HOWL'S MOVING CASTLE was a charming little book. I purposely didn't read the back cover blurb, and as such wasn't sure what to expect when I began the story. (I just had some vague recollection of all positive comments on the site.) So I was continually surprised by the plot twists and turns in the story. It's been far too long since I've read something that was pleasant through and through. I enjoyed Sophie's go with the flow attitude (can't say as I'd be nearly as accepting and pleasant as she initially was with her transformation!) and her sense of humor. Howl, the cad, was a great character. Very selfish and self-centered and almost childishly funny at times, he managed to worm his way into my good graces by giving Michael and Sophie a home without conditions or questions. As I was reading, a few things didn't seem to make a lot of sense to me, but eveyrthiing was skillfully tied together in the end. A very fun read. Are her other books this good?--Laurie
I just love these books set in future Pgh. :-) In TINKER, a hyperphase gate had been made by the Chinese from stolen technology. Since they didn't have all the information needed, this gate has a glitch: it does open dimensions so that Elfhome and Earth can interact, but for some reason there is an overlap in Pgh. An area of Pgh is actually on elf territory part of the time and then changes over to being back on Earth. During the changeover, Shutdown occurs, and for a short time, the inhabitants are without electricity, phones, magic, etc.
The heroine, Tinker, lives in this area and owns a salvage business. She's young (18 years old, I believe) but quite a genius. She runs her business and invents things. Just before Shutdown, she spots an elf entering her junkyard, followed by and being attacked by a couple of Wargs. She actually recognizes the Elf as Windwolf, an elf she had an encounter with in her childhood that had marked her (literally). Windwolf had put some kind of spell on her which she doesn't completely understand. She tries to save him, and in the fight for life they manage to save each other, but Windwolf is critically injured. An elf can usually heal with magic but now Shutdown occurs and magic is gone. Luckily Tinker has a few inventions that she rigs up to help save him, and a race occurs to save his life. Someone is trying to kill Windwolf, but now they've also become aware of Tinker. And this is only the beginning.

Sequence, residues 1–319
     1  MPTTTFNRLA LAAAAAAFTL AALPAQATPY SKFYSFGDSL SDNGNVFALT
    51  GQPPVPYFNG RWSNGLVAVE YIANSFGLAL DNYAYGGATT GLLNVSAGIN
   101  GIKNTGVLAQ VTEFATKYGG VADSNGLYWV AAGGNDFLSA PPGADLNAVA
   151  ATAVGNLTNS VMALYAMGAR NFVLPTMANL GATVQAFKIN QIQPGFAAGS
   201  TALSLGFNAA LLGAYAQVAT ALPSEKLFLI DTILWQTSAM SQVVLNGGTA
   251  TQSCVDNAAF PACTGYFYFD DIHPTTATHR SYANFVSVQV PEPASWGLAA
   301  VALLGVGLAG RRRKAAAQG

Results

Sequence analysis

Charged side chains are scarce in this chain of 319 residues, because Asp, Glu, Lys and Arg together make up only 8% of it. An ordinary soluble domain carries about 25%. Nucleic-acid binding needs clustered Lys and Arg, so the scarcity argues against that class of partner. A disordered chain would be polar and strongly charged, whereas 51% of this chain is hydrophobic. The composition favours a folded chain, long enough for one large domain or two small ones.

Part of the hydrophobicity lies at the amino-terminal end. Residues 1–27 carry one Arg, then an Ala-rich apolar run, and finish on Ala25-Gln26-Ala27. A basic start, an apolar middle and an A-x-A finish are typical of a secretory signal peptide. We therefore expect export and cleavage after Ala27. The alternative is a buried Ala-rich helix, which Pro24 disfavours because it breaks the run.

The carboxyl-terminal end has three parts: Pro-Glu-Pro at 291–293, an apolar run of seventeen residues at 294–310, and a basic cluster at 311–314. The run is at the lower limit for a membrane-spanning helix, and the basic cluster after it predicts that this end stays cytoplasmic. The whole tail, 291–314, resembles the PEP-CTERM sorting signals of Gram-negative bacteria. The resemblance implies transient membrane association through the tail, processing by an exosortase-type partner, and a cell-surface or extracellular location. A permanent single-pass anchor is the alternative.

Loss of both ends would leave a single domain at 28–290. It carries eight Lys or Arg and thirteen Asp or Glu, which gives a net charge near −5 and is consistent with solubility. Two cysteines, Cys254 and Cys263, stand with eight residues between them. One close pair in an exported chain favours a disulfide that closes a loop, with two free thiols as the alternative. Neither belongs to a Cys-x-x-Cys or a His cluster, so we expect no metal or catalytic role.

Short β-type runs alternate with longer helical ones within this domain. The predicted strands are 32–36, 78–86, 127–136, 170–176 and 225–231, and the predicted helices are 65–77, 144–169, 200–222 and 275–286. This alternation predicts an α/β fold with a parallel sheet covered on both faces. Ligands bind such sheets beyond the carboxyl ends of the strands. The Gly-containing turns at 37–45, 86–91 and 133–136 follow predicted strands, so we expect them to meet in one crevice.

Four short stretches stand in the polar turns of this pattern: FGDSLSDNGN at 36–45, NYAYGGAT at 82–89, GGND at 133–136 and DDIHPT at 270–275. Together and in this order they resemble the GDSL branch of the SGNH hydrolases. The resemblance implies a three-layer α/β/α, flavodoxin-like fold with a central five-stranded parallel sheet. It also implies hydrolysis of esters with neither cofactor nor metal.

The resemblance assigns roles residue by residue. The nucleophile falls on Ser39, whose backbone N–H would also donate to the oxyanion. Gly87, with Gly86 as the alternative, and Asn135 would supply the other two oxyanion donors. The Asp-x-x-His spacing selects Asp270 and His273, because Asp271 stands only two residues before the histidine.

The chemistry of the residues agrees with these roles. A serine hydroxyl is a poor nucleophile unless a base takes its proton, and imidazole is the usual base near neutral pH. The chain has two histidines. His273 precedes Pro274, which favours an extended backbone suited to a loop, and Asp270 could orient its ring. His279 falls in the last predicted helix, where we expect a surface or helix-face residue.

There is not a dull moment. Between learning about her past (fascinating), the past connection with Windwolf, the romance (though it happens very fast) between Tinker and Windwolf, the history of how the elves came into magic, and trying to find out who the enemy is, you are totally caught up. I highly recommend this book!!--Linda
The November 2003 Locus contains reports and photos from Torcon 3, this year's World SF Convention in Toronto
Some news: - Nina Kiriki Hoffman will write two as-yet-untitled YA books for Sharyn November at Viking via Matt Bialer of Sanford J Greenburger Associates, Inc. - Tanith Lee's high-seas YA adventure PIRATICA went to Lucia Monfried at Dutton Children's via Andrew Sharp at Hodder Children's, who are doing the UK edition. - Cecilia Dart-Thornton's new fantasy trilogy "Crowthistle Chronicles" -- THE IRON TREE, THE WELL OF TEARS, and FALLOWBLADE -- went to Claire Eddy at Tor and to Pan Macmillan Australia for the UK, Australia, and New Zealand via Martha Millard. - Annette Curtis Klause sold historical YA FREAKS [see earlier news item] to Kary Wojtyla at S&S;/McElderry Books via Tracey Adams of McIntosh & Otis. - Laurell K. Hamilton handed in the next "Merry Gentry" novel, SEDUCED BY MOONLIGHT, to Shauna Summers at Ballantine and Simon Taylor at Transworld, and is working on the 12th "Anita Blake, Vampire Hunter" book for Ginjer Buchanan at Ace. - "Elizabeth Haydon" turned in book one of YA fantasy series "The Journals of Ven Polypheme" to Jonathan Schmidt at Starscape. - Speaking of YA fantasy series, a big ad for a new one by a Jonathan Stroud was also in this issue. The publisher seems to be hyping this Bartimaeus Trilogy. Some of you may be interested.
My one tidbit from WFC: news of new romantic SF anthology
I only attended a few hours of programming at this year's World Fantasy Convention but managed to pick up one good tidbit, nonetheless. Berkley will release an anthology featuring two fantasy authors--Patricia McKillip and Sharon Shinn--and two romance authors--Lynn Kurland and Claire Delacroix--in July 2004. Format is trade pb. Cover will be by Kinuko Craft. Title: TO WEAVE A WEB OF MAGIC.
I had the chance to hear both Patricia McKillip and Sharon Shinn read from their stories for the anthology. Although I kept zoning out of McKillip's narration of her story, Shinn's was riveting. Shinn's story takes place eighteen years after ARCHANGEL. It's about a highborn young Manadavvi girl, Eden, who, when the story begins, is fascinated with bad-boy angel Jesse. She has a thrilling, stolen moonlit flight with him during a pre-wedding party at which they're both guests...shortly before he scandalously hies off with the bride-to-be. We'll have to wait until the anthology comes out to find out what happens when the story then skips ahead a couple of years. Shinn apparently was inspired to write about Jesse based on the press Russell Crowe used to receive. Archangel Gabriel and Angelica Rachel's son, Gideon, makes a cameo in the portion Shinn read.